Uncorking old laws: Canadian wine could soon be sold across provinces, lawyer says
Featherstone Estate Winery owner Louise Engel (left) and senior winemaker David Johnson tuck vines on Wednesday July 16, 2008 in Vineland, Ont. (THE CANADIAN PRESS / Sheryl Nadler)
Graham Slaughter, CTVNews.ca Staff
Published Friday, April 29, 2016 9:58PM EDT
A Vancouver-based lawyer specializing in the tricky rules around selling Canadian wine says winemakers are excited about a “breakthrough” court decision that could pave the way for regional vintages to be sold across provincial lines.
Mark Hicken, a lawyer with the Vintage Law Group, says the Canadian wine industry may soon be “on the same footing” as winemakers in many other countries.
“If you told somebody from Paris that they couldn’t buy wine from Bordeaux, they’d look at you aghast,” Hicken told CTV News Channel Friday.
The potential shift comes after a New Brunswick judge ruled Friday that the province’s limit on alcohol purchases in other provinces is unconstitutional.
The decision ended a years-long case against Gerard Comeau, a retired man from Tracadie, N.B., who was fined $292 and charged with illegally importing alcohol in 2012 when he was caught bringing 14 cases of beer and three bottles of liquor into New Brunswick from Quebec.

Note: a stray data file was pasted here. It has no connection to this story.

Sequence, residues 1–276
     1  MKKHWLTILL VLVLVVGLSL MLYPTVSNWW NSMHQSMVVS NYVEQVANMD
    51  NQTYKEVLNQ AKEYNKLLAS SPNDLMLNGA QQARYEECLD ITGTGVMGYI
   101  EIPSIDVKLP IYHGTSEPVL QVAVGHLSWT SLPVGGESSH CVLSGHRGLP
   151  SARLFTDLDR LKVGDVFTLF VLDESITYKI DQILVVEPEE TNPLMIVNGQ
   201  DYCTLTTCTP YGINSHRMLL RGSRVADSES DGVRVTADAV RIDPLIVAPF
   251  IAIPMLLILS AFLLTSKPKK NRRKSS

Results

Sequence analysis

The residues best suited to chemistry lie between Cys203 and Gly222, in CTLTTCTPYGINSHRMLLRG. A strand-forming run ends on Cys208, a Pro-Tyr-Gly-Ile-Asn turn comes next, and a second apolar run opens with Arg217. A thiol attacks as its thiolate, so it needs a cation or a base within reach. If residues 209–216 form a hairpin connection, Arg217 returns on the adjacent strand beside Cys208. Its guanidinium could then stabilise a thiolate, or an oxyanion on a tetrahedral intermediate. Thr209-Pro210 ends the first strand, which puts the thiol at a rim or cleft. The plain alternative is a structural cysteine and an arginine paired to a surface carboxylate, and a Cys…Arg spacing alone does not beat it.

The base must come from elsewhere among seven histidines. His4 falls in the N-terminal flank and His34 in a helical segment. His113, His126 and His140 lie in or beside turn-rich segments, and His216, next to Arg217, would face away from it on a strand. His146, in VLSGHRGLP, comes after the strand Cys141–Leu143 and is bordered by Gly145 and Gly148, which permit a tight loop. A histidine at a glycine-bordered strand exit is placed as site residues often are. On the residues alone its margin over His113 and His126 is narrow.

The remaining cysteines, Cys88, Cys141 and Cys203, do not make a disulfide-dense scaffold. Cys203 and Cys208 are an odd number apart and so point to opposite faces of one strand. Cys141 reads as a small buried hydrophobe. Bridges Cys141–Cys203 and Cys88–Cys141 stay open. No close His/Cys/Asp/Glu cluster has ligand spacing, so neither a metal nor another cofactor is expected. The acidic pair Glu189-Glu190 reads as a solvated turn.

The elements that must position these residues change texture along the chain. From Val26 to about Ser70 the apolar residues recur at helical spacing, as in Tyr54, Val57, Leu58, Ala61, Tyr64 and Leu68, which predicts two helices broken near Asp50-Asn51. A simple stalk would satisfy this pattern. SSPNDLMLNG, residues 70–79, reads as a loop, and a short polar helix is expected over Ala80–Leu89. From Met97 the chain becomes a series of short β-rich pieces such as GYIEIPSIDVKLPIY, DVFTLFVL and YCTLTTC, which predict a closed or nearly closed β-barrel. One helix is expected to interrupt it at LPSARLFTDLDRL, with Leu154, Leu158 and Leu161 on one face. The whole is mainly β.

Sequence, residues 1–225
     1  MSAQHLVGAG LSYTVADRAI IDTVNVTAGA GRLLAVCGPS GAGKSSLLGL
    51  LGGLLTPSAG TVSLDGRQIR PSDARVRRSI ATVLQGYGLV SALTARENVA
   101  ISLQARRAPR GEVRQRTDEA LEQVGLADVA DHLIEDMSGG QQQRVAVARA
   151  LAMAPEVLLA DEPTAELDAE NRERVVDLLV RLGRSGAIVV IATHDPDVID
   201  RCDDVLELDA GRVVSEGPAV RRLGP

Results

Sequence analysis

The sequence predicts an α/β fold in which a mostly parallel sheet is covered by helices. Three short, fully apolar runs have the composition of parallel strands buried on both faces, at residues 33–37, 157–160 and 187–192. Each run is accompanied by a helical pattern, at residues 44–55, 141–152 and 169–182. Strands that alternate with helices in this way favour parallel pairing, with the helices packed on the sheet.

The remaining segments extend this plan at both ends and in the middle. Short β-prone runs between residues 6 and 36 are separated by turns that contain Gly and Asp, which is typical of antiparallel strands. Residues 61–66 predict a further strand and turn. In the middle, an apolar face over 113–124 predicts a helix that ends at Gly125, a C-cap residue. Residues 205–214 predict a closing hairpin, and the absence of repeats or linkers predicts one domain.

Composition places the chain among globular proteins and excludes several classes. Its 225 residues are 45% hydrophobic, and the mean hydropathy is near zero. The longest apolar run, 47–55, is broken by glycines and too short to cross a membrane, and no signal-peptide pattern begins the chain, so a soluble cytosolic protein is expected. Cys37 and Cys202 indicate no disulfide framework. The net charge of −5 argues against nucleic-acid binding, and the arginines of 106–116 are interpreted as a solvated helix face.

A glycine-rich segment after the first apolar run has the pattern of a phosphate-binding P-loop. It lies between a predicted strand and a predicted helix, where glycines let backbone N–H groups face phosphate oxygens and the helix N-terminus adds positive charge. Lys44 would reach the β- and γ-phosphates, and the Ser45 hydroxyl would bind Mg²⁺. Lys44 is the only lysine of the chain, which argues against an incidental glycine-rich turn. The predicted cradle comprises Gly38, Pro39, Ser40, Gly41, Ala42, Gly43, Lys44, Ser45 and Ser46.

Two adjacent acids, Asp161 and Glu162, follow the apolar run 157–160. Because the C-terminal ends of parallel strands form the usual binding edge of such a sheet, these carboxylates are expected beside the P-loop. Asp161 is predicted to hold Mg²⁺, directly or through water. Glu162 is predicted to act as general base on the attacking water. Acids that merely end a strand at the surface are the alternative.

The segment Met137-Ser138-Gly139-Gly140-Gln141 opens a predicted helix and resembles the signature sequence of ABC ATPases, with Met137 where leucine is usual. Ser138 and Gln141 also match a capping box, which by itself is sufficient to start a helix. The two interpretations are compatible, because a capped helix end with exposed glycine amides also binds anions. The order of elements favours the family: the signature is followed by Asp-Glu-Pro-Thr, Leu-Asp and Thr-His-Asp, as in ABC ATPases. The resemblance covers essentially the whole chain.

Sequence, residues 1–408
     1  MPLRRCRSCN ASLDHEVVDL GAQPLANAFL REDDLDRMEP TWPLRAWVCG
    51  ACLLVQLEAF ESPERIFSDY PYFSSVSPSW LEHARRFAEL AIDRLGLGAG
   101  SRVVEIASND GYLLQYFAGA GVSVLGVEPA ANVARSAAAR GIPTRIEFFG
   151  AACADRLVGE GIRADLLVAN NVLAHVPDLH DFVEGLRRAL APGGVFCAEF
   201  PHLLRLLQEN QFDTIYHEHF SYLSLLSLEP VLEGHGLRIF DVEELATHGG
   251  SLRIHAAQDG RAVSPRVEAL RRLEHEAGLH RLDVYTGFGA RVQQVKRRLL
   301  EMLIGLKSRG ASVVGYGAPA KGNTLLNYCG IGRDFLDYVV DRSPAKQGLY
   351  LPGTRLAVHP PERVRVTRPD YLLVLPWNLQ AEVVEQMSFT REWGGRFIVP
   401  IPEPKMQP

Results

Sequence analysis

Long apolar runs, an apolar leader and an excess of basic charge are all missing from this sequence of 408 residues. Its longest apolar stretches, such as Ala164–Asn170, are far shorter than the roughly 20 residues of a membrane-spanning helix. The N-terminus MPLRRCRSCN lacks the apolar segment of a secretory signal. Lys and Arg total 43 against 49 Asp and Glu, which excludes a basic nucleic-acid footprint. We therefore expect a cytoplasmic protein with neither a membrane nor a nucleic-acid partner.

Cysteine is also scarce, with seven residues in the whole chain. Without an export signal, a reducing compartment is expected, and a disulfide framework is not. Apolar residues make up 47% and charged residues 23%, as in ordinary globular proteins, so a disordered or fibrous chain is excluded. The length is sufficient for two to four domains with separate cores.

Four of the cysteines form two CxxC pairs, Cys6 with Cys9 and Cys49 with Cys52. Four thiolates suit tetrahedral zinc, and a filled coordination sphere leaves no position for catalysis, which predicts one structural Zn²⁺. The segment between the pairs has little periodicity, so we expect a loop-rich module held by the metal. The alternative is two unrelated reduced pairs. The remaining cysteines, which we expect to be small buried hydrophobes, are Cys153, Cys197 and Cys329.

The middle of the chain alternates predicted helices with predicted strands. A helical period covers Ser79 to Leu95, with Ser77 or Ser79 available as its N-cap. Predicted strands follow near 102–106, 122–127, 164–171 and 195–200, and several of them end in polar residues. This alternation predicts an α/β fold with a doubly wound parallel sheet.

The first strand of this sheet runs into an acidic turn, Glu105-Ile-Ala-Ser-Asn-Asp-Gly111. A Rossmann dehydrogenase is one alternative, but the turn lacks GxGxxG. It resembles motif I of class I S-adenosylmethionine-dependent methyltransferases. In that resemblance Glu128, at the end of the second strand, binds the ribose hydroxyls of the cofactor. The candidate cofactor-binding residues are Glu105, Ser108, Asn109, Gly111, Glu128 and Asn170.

But Hicken says any changes likely won’t happen overnight. He says the New Brunswick decision could be appealed and move through the legal system all the way to the Supreme Court of Canada.
While more time in court would delay any changes, Hicken says it could establish a binding legal precedent across the country.
“And I think that would be beneficial. It would be great for wineries and wine consumers to know that it’s actually legal to purchase alcohol from other parts of the same country,” he said.
The Canadian wine industry is largely centred in small, grape-friendly regions in B.C. and southern Ontario, but small-scale vineyards and fruit wine are produced in nearly every province.
Wine from across Canada can already be purchased through provincial regulators, but the new decision could pave the way for a wine lover in Nova Scotia to directly order a bottle from the Okanagan Valley.
The latest Statistics Canada figures estimate that Canadian winemakers shipped $784.5 million worth of wine and related products, such as cider and fruit wines, in 2006.
Eliminating provincial wine rules would break down “significant barriers” to the wine industry’s “restricted” market and open up new business, Hicken said.
“It’s an exciting case both for the wine industry and wine consumers,” Hicken said. “If (winemakers) are able to ship to everywhere in Canada, then obviously you get (35 million) potential customers, which is tremendously beneficial to the industry as a whole.”